WOJO

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WOJO
WOJO logo.png
CityEvanston, Illinois
Broadcast areaChicago metropolitan area
BrandingLa Que Buena 105.1
SloganCon Orgullo Mexicano (With Mexican Pride)
Frequency105.1 MHz (also on HD Radio)
First air dateFebruary 1947[1]
FormatRegional Mexican; HD-2 for WVIV-FM; HD-3 for WRTO-AM simulcast
ERP5,700 watts
HAAT425 meters (1,394 ft)
ClassB
Facility ID67073
Transmitter coordinates41°53′56.00″N 87°37′23.00″W / 41.8988889°N 87.6230556°W / 41.8988889; -87.6230556
Former callsignsWEAW (1947-1953)[2]
WEAW-FM (1953-1972)[2]
Former frequencies104.3 (1947)[2]
96.7 (1947-1948)[2]
OwnerUforia Audio Network
(Tichenor License Corporation)
Sister stationsWOJO, WPPN, WRTO-AM, WVIV-FM
Also part of the Univision Cluster: TV Stations WXFT and WGBO
WebcastListen Live
WebsiteWOJO website

WOJO (105.1 FM) "La Que Buena 105.1" is a radio station broadcasting a regional Mexican format. Licensed to Evanston, Illinois, United States, the station serves the Chicago area; the station is currently owned by Tichenor License Corporation.[3][4]

HD Programming[edit]

The station is also broadcast on HD radio;[5] as of January 2016,

  • HD1 is a digital simulcast of the traditional (analog) broadcast.
  • HD2 is a simulcast of "Latino Mix" WVIV-FM.
  • HD3 is a simulcast of Spanish news/talk sister station WRTO [6]

History[edit]

WEAW[edit]

The station began broadcasting in February 1947, and held the call sign WEAW.[1][7] The station was owned by North Shore Broadcasting, and its call sign stood for its president Edward A. Wheeler.[1][7][2][8]

The station broadcast at 104.3 MHz briefly in 1947, before moving to 96.7 MHz later that year.[2] The station's transmitter was located in Evanston and it had an ERP of 665 watts.[2] In 1948, the station's frequency was changed to 105.1 MHz and its ERP was increased to 36,000 watts at a HAAT of 240 feet.[2][1] The call sign officially became WEAW-FM in 1953 when a companion AM station was launched.[2] In 1961, the station's ERP was increased to 180,000 watts.[2] In 1970, the station's transmitter was moved to the top of the new John Hancock Center in Chicago, with its ERP reduced to 6,000 watts.[2]

Among the music heard on WEAW was light music, easy listening, classical music, and show tunes.[9][10][11][12][13][14] The station also carried programs from local schools, community organizations, and Northwestern University.[8] The station also broadcast background music to stores and other businesses, with ads removed for subscribers.[8][9][15][16] By 1964, all of its subscription services had been moved to subcarriers.[17]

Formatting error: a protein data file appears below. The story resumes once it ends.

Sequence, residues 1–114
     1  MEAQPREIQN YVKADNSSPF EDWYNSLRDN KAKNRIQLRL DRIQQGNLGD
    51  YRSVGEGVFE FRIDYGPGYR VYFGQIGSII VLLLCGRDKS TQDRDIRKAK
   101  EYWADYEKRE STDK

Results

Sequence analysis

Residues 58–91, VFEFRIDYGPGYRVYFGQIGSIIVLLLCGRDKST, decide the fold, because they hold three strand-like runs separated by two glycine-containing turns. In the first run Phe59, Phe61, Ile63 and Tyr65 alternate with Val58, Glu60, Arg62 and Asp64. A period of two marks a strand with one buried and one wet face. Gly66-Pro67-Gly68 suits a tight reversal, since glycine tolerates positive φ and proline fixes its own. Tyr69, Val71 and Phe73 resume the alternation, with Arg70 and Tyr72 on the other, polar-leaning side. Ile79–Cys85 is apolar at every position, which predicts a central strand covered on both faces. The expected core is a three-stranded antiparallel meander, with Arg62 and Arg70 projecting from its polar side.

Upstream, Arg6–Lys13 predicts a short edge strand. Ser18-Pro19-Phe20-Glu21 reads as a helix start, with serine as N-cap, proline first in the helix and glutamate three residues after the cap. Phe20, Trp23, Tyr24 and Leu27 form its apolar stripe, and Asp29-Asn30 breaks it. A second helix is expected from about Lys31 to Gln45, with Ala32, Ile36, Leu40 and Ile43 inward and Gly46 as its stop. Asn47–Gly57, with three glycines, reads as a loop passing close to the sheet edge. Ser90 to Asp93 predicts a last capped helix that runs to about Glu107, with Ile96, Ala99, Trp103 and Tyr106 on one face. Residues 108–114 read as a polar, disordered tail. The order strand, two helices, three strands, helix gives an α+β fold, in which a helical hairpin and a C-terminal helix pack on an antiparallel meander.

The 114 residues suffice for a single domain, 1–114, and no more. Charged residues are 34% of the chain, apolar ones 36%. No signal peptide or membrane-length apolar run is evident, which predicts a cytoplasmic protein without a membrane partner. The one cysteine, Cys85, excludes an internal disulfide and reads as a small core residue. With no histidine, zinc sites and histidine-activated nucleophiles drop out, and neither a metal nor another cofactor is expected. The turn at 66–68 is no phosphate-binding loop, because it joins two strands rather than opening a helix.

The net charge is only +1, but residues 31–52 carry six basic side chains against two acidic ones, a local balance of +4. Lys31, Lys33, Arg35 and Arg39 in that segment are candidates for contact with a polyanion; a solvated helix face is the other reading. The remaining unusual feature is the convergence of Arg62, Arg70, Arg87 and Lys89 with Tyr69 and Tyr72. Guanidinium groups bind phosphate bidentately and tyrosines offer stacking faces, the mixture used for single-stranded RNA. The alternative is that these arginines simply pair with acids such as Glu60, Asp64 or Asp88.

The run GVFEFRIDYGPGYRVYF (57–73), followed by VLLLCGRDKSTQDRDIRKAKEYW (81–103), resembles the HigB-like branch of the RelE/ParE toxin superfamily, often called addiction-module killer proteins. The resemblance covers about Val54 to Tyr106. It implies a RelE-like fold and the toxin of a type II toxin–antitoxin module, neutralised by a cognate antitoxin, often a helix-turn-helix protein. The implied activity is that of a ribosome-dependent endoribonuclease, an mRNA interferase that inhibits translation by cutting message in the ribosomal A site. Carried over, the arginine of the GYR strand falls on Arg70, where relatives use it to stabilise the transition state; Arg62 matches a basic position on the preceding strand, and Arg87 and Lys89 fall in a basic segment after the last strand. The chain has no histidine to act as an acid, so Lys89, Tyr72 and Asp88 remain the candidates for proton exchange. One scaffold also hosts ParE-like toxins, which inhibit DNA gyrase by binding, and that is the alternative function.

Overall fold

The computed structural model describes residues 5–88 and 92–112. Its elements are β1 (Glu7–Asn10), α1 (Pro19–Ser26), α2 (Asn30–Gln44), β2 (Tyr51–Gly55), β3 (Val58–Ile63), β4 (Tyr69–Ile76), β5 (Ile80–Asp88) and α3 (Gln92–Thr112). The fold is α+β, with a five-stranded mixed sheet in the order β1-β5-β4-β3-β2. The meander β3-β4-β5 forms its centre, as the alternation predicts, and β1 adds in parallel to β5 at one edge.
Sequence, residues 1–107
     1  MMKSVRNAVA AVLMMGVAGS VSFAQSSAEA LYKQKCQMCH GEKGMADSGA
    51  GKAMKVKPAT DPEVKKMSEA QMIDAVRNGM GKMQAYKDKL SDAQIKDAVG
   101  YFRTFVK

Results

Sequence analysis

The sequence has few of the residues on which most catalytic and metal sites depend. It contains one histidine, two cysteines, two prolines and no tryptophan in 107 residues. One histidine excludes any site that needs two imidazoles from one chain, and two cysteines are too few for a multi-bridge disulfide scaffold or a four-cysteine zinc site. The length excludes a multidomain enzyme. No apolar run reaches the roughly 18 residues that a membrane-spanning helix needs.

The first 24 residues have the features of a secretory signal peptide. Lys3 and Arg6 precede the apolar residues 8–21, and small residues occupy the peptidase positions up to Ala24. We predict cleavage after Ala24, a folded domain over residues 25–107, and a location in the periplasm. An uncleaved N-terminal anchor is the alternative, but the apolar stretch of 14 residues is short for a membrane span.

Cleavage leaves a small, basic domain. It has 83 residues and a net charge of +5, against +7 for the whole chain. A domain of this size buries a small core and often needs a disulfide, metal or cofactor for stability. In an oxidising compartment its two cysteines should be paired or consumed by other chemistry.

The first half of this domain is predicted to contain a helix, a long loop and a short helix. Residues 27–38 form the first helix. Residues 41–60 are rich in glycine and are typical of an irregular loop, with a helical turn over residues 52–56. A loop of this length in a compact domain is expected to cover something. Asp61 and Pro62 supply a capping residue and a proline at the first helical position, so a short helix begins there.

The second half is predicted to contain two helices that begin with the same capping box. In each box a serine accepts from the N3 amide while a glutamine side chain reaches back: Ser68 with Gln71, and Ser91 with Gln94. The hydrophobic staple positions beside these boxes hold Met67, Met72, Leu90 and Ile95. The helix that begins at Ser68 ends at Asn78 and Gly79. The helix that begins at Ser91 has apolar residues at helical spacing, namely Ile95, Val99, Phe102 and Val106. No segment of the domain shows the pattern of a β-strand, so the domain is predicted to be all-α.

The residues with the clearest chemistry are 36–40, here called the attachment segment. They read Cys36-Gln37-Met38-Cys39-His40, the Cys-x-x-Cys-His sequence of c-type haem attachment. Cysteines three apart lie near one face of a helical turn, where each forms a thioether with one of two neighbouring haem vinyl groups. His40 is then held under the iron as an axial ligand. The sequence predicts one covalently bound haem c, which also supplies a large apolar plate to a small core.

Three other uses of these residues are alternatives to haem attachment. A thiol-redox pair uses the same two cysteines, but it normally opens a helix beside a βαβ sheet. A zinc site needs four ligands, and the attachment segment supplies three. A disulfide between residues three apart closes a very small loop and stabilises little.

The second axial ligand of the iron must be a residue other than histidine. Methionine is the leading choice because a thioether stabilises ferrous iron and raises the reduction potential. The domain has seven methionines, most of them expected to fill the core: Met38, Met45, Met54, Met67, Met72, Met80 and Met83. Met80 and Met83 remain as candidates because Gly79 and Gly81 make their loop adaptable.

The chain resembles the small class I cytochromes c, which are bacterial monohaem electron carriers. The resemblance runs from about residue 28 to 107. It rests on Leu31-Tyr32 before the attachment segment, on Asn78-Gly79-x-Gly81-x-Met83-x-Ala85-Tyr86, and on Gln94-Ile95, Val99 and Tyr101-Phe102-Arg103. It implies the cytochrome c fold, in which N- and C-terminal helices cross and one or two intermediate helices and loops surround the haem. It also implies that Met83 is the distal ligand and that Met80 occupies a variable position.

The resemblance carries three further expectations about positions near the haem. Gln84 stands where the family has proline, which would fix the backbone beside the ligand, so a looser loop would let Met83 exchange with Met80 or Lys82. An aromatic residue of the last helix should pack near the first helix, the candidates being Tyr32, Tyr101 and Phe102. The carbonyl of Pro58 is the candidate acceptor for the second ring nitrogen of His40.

In 1971 and 1972 the station was the flagship of the Chicago White Sox radio network.[18]

WOJO[edit]

By late 1972 most of the station's programming was in Spanish and in December 1972, its callsign was changed to WOJO.[2][8]

In 1986, WOJO was sold to Tichenor Media for $1.4 million.[19][20] In 1997, Tichenor Media merged with Heftel Broadcasting to form the Hispanic Broadcasting Corporation, which merged with Univision Communications in 2004.[21]

References[edit]

  1. ^ a b c d "FM Outlet Histories", Broadcasting — Telecasting. A Continuing Study of Major Radio Markets: Study No. 7: Chicago. October 25, 1948. p. 21. Retrieved February 14, 2019.
  2. ^ a b c d e f g h i j k l History Cards for WOJO, fcc.gov. Retrieved January 18, 2019.
  3. ^ "WOJO Facility Record". United States Federal Communications Commission, audio division. Archived from the original on 2002-04-20.
  4. ^ "WOJO Station Information Profile". Arbitron. Archived from the original on 2011-05-20.
  5. ^ "HD Radio Station Guide". HD Radio. iBiquity. Archived from the original on 2007-10-28.
  6. ^ "Archived copy". Archived from the original on 2014-10-09. Retrieved 2013-11-28.CS1 maint: Archived copy as title (link) HD Radio Guide for Chicago
  7. ^ a b Radio Frequency Modulation: Hearings Before the Committee on Interstate and Foreign Commerce, House of Representatives, Eightieth Congress, Second Session, on H. J. Res. 78; a Joint Resolution Relating to Assignment of a Section of the 50-megacycle Band of Radio Frequencies for Frequency Modulation (FM). Part 2: March 31 and April 1, 1948, Volume 2. p. 263. Retrieved January 18, 2019.
  8. ^ a b c d Ghrist, John R. (1996). Valley Voices: A Radio History. Crossroads Communications. p. 318-320.
  9. ^ a b O'Connor, Richard. (2009). A Brief History of Beautiful Music Radio, Percy Faith Pages. Retrieved January 19, 2019.
  10. ^ "10 Stations Join New 'Good Music' Movement", Billboard. November 17, 1951. p. 8. Retrieved January 19, 2019.
  11. ^ "The Shoestring Sell: Wedgwood Airs Its Wares", U.S. Radio. October 1957. p. 30-31. Retrieved February 12, 2019.
  12. ^ "FM Station Key", U.S. Radio. Vol. 3, No. 10. October 1959. p. 87. Retrieved February 12, 2019.
  13. ^ "FM Station Key", U.S. Radio. Vol. 4, No. 7. July 1960. p. 47. Retrieved February 12, 2019.
  14. ^ "FM Station Key", U.S. Radio. September 1961. p. 65. Retrieved February 12, 2019.
  15. ^ "FCC Lifts Storecast Ban", Billboard. November 2, 1959. p. 4. Retrieved January 19, 2019.
  16. ^ "Routine Roundup", Broadcasting. December 23, 1957. p. 90. Retrieved January 19, 2019.
  17. ^ "'Simplex' Transmission of Subscriber Background Music", Federal Register. Vol. 29, No. 113. June 10, 1964. Part 73 — Radio Broadcast Services. p. 7469. Retrieved January 19, 2019.
  18. ^ Sherman, Ed. "Expos' Silence Has a Precedent: Sox Fans Can Remember '71", Chicago Tribune. April 24, 2000. Retrieved January 19, 2019.
  19. ^ "Tichenor Buying WOJO-FM", Chicago Tribune. September 15, 1986. Retrieved January 19, 2019.
  20. ^ "Ownership Changes", Broadcasting. September 29, 1986. p. 87. Retrieved January 19, 2019.
  21. ^ "Hispanic radio industry pioneer dies", Associated Press. New York Daily News. January 5, 2009. Retrieved January 19, 2019.

External links[edit]